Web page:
Colorado School of Mines is home to a number of valuable on- and off-campus resources — many of which are available to campus visitors and members of the general public.
Arthur Lakes Library
The Arthur Lakes Library welcomes over 140,000 visitors a year and is a campus center for learning, study and research. The library is open to campus visitors and to the general public and shares resources within the Colorado Alliance library consortium.
Student Recreation Center
The Student Recreation Center (SRC) and the associated Outdoor Recreation Center (ORC) feature a gymnasium, natatorium, indoor and outdoor running tracks, climbing wall, and more. Use of the facilities by campus visitors attending CPES events requires advance arrangements through the CPES office and payment of a small fee.
The Colorado School of Mines bookstore features a wide variety of books, software, supplies, gifts, and Mines apparel. The bookstore is open to campus visitors and to the general public.
The Geology Museum serves as the state repository for Colorado's mineral heritage and promotes its importance and understanding to the university community and the public. It aims to inspire scientific curiosity through education and research while encouraging appreciation of the earth and responsibility for its mineral, fossil, meteorite, and historic mining treasures. The museum is home to one of Colorado's moon rocks, collected during the Apollo 17 mission, and is open to campus visitors and to the general public.
The Edgar Mine, known as Colorado School of Mines' Experimental Mine, was a working mine in the 1870s. Located above Idaho Springs, Colorado, it produced high-grade silver, gold, lead and copper. Today, as an underground laboratory for future engineers, it produces valuable experience for those who are being trained to find, develop and process the world's natural resources. The Edgar Mine is open for public tours for a nominal fee. Public hours vary, so tours must be booked in advance.
The campus offers a number of dining options — from food courts, to cafes, to franchises. Dining locations are distributed throughout the campus, and all are open to campus visitors and the general public. Click on the links below for more information about each:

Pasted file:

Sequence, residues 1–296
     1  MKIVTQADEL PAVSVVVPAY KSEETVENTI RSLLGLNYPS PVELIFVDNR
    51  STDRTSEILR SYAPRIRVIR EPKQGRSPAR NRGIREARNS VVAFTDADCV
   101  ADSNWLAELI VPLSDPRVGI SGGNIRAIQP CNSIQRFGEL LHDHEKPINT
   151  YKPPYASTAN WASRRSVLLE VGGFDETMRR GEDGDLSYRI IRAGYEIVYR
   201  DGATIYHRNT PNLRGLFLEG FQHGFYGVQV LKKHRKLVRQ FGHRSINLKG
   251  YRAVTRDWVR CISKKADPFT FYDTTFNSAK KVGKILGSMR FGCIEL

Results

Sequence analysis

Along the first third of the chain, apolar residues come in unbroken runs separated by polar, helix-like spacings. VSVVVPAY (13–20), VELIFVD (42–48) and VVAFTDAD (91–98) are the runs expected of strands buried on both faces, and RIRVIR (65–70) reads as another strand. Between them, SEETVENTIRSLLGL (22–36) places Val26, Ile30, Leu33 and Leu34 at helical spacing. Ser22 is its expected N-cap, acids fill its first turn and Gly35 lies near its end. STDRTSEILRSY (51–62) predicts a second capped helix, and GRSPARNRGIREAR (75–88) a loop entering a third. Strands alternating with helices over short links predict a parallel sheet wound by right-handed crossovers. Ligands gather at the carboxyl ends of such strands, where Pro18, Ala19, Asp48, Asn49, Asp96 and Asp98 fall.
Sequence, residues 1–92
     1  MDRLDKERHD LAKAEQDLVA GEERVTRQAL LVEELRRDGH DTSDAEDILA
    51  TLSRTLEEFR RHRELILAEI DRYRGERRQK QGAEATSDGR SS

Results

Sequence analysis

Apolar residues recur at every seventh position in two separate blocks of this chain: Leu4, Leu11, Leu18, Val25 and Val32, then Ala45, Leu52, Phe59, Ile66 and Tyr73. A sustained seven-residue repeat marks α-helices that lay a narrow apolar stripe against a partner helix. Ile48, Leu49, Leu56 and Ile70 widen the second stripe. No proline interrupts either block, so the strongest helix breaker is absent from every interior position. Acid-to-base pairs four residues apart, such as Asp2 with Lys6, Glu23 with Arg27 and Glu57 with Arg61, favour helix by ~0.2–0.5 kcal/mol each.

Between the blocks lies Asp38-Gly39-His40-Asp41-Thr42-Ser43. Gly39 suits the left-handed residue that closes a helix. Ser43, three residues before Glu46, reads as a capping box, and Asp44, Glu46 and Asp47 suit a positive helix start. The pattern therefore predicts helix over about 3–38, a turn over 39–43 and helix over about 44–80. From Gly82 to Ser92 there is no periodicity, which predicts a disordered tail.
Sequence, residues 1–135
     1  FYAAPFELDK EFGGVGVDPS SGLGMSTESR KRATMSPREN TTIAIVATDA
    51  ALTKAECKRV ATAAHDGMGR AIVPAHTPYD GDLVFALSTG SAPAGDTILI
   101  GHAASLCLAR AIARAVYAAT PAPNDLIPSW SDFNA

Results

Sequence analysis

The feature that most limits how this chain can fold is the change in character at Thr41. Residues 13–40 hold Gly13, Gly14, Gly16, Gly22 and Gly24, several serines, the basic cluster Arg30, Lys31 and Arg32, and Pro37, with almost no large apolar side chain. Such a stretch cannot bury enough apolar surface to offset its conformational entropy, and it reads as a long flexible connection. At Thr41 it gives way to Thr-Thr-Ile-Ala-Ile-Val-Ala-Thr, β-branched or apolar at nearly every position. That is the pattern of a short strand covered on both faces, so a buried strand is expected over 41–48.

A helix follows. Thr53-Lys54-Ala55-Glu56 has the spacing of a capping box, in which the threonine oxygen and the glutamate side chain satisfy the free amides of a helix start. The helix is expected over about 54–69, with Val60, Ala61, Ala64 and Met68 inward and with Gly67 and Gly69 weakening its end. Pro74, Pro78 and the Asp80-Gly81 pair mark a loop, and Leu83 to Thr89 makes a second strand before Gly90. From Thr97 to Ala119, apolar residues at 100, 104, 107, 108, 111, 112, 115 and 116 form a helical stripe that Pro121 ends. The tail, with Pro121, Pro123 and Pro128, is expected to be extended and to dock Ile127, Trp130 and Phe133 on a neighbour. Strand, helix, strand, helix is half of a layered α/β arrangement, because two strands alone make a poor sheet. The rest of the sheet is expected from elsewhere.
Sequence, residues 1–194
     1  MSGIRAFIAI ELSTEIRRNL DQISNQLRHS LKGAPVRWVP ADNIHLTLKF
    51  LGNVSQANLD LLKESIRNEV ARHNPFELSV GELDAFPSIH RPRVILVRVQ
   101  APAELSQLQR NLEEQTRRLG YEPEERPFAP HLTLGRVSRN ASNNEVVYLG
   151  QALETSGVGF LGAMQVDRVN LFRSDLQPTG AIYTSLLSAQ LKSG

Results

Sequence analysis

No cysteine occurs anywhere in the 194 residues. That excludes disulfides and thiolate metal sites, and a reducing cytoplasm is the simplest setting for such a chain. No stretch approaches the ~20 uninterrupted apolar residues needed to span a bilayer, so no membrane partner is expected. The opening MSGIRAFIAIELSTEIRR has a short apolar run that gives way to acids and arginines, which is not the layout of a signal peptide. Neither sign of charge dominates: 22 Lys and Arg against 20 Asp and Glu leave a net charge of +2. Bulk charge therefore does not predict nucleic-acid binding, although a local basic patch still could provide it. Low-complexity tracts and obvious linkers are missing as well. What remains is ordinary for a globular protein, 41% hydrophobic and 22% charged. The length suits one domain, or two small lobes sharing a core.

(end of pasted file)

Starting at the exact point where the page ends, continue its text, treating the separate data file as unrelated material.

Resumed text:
The city of Golden is located just west of Denver, Colorado, at the base of the foothills of the majestic Rocky Mountains.
With more than 300 days of sunshine each year, Golden is a great place to visit during any season. Separated from Denver by two mesas, Golden retains its small town character, yet enjoys access to the many cultural and social benefits of the metropolitan area.
Serving as the gateway to the Rocky Mountains, Golden also has many hiking trails, ranging from easy hikes along historic Clear Creek to challenging treks into the foothills. Golden is the home of the American Mountaineering Center and the Colorado Mountain Club, and boasts a world-class kayack course and parasailing from the top of Mount Zion — and all of these opportunities are within walking distance of the Colorado School of Mines campus.
With easy access to I-70 and other highways into the mountains, Golden is only a short drive away from many resorts and outdoor activities — mountain climbing, hiking, biking, kayaking, canoeing, and a host of others. Feel free to visit the many available websites to learn more about Golden and the surrounding community. We suggest:
Weather and Terrain
Golden, Colorado, the location of Colorado School of Mines, is situated at the foot of the Rocky Mountains. The elevation (altitude) of the campus is approximately 5,800 feet (1,768 meters) above sea level.
Weather in Golden is generally seasonal, with cold temperatures in winter (December through February), hot temperatures in summer (June through August), and variable temperatures in spring and fall. However, due to the proximity of the Rocky Mountains and the city's altitude, temperatures can vary widely from the norm on a day-to-day basis.
Precipitation in the area is generally infrequent, with average annual equivalent rainfall of 15 inches (38 centimeters). Precipitation generally occurs as snow in winter, late fall, and early spring, and as rain during the remainder of the year. Snowfall in the winter can be significant, with accumulations greater than 6 inches (15 centimeters) being common. Summer days can experience severe thunderstorms in the afternoon.
Current weather information and near-term forecasts for Golden are available on the Internet. Learn more...
Visitors unaccustomed to the combination of Golden's altitude and generally dry climate are encouraged to drink plenty of fluids to avoid dehydration and to be cautious if engaging in rigorous exercise.